In a small dish, beat the egg with 1 tablespoon of water until well mixed.
Using a pastry brush, brush the egg wash over the dough shapes. Then sprinkle turbinado sugar on the shapes, if desired.
Bake the pie on the top rack until the dough become golden brown.
Easy Meringue Topping
Think meringue is just for lemon meringue pies? Think again! This fluffy topping is a lighter-than-air alternative to whipped cream.
Prep: 5 minutes Bake: 7–8 minutes
What you’ll need:
4 egg whites
1/4 teaspoon cream of tartar
Pinch of salt
1/2 cup granulated sugar
1 teaspoon vanilla extract
1 (9-inch) pumpkin pie
What you’ll do:
Preheat the oven to 400°F.
In a large mixing bowl, beat the egg whites until they start to foam. Add in the cream of tartar and salt. Continue beating until soft peaks form, about 1 minute.
Add in the sugar a tablespoon at a time, mixing on high until stiff peaks form. Add in the vanilla and mix for another 30 seconds.
Using a spatula, layer the meringue on the top of the pie, spreading right up to the crust. Pull the spatula upward to create peaks.
Bake until the peaks of the meringue turn light brown, 7–8 minutes. Watch carefully, as meringue burns quickly. Serve within 1 hour or refrigerate for up to 1 day.
Dark Chocolate Ganache Topping
The bitterness of ultra-dark chocolate cuts the sweetness of the pie, but you can always add a dollop of whipped cream to mellow things out again.
Prep: 2 minutes Simmer: 5 minutes
Chill: 1 hour
What you’ll need:
8 ounces bittersweet chocolate, chopped
1 cup heavy cream
1 (9-inch) pumpkin pie
What you’ll do:
In a medium mixing bowl, set aside the chocolate.
In a small saucepan, heat the cream over medium-low, stirring occasionally, until the cream starts to simmer. (Do not let the cream boil.) Immediately remove from the heat and pour the cream over the chocolate. Let sit for 2 minutes, then whisk until smooth and creamy.
Slowly pour the ganache over the top of the pie, smoothing with a spatula so that the ganache extends all the way to the crust.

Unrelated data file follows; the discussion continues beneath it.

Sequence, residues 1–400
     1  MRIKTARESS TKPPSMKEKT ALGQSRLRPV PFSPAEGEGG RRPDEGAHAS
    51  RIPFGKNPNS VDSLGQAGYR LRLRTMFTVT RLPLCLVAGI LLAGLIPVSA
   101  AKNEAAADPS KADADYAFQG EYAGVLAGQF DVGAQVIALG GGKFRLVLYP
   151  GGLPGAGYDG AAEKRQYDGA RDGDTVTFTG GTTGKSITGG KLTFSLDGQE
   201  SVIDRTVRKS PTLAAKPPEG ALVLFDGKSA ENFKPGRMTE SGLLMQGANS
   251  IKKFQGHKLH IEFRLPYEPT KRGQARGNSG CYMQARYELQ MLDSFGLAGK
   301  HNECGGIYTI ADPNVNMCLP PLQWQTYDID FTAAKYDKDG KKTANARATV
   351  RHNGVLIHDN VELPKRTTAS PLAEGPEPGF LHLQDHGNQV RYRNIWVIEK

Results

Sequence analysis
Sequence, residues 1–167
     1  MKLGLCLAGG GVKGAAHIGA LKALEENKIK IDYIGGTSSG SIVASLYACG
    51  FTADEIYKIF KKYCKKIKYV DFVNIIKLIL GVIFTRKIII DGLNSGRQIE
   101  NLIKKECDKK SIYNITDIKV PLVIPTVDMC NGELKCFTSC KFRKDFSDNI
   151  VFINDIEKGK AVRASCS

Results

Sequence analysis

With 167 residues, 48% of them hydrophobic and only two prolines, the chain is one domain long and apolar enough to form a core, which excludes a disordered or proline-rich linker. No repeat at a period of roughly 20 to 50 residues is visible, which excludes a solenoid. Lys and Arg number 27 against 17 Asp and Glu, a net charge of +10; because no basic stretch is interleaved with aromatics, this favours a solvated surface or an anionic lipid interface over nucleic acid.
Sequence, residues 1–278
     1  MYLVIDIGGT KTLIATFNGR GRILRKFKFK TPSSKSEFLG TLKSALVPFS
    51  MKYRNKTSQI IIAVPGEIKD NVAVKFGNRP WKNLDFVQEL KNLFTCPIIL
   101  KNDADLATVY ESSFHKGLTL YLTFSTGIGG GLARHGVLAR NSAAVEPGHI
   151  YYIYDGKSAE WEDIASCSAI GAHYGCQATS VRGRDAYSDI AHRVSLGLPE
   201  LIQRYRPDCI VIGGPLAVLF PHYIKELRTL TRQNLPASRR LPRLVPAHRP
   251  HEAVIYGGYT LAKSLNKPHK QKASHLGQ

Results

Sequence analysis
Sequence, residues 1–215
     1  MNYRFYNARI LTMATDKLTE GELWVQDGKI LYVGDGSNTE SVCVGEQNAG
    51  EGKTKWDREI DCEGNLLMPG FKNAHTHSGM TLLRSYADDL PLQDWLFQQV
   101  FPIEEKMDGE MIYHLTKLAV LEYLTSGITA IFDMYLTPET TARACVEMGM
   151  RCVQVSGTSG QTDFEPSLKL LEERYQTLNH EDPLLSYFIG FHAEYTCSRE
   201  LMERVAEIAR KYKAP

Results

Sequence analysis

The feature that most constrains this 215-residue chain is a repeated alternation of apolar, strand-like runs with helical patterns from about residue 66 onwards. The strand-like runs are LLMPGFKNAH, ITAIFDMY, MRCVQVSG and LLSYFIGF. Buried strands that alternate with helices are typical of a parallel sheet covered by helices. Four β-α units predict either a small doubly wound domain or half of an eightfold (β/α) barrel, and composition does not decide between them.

Refrigerate for 1 hour before serving.
Bourbon Caramel Topping
Maybe we’re biased, but bourbon caramel might just be the Best Pumpkin Pie Topping. Follow the link to find the recipe and two sprinkle options that give a classic pumpkin pie two completely different looks.
What a dramatic difference paint colors and finishes can make! When Rachel Paxton, editor and designer of the website, Maison de Pax, and her husband were shopping for a new home in Austin, Texas, they were surprised by what they found inside this two-story house with a traditional, white-brick facade.
“It was head to toe yellowish beige with a Tuscan feeling—lots of faux travertine tile and warm buttery ceilings and walls,” says Rachel. “It’s just not our style. I love warm wood tones with lots of whites and grays, so a big part of what we did was changing the palette of the space.”
So, she set out to redo all of the colors and finishes of the home to make it appeal to her taste and function well for a family. All the upstairs rooms had a pale beige carpet, for example, which wasn’t going to work for their family, which now consists of four kids, ranging in age from seven weeks to seven years. “I’m not going to be able to keep carpet that clean with a bunch of kids,” Rachel says. “Before we moved in, we replaced all the beige carpet with wood floors.”
Most noticeable in Rachel’s home are the antique furnishings and decor with a fresh, old-meets-new look. “We spent a couple years living in France, and I have a love for French things, so I like to give little nods to French style, [like] the dining set has a French flair,” says Rachel.
One lovely focal point in the home is a fireplace wall with bookcases Rachel had built in their living room. Formerly a freestanding fireplace in the middle of the room, Rachel switched it out with a double-sided fireplace and bookcase. “We built the bookcase next to the fireplace to close off half that opening and the double-sided bookcase acts as a wall between the living room and family room,” Rachel says.
Having enough shelf space for books was important, as Rachel’s husband used to teach high school English, and they both have a love for literature. Antique books—some in English and some in other languages—have beauty and character in and of themselves. That’s why Rachel chose to display them backwards with their spines facing out to show their color and age.
“I thought it was neat to see that side, and it gave a more neutral feel to the bookcase,” Rachel says. “We have tons of other books elsewhere that we read on a regular basis [and aren’t on display], so it’s easy to keep these turned around. A lot are antique books with irregularly cut pages. I think they were hand-sewn, and you can see the texture of the pages. I thought it was pretty and just went for it.”
Neat and Kid-friendly
Much of Rachel’s home has a stylish rustic vibe, and her antiques lend a sophisticated touch to the aesthetic, but she’s careful about making everything kid-friendly.
The china cabinet and table in the dining room are very special, as they once belonged to Rachel’s great-grandmother. She previously had some upholstered chairs from her great-grandmother in there, but they’re packed away for now, considering the small children. Those were replaced with a wooden bench that not only has country charm, but is more practical for the little ones’ meals and schoolwork when they homeschool part-time.